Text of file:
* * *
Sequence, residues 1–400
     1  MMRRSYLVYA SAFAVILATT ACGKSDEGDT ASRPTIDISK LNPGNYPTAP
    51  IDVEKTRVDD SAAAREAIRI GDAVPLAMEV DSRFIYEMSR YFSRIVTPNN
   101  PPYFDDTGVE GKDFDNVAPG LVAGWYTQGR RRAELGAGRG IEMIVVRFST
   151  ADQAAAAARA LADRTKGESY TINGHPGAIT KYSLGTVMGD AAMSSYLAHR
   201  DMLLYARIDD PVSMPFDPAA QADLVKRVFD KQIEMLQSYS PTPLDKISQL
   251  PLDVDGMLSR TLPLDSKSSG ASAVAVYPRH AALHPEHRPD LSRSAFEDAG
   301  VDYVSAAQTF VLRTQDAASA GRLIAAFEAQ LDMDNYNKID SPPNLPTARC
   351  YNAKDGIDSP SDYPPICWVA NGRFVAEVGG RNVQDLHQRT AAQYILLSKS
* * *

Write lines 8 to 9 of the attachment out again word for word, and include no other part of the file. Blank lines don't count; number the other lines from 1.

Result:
   301  VDYVSAAQTF VLRTQDAASA GRLIAAFEAQ LDMDNYNKID SPPNLPTARC
   351  YNAKDGIDSP SDYPPICWVA NGRFVAEVGG RNVQDLHQRT AAQYILLSKS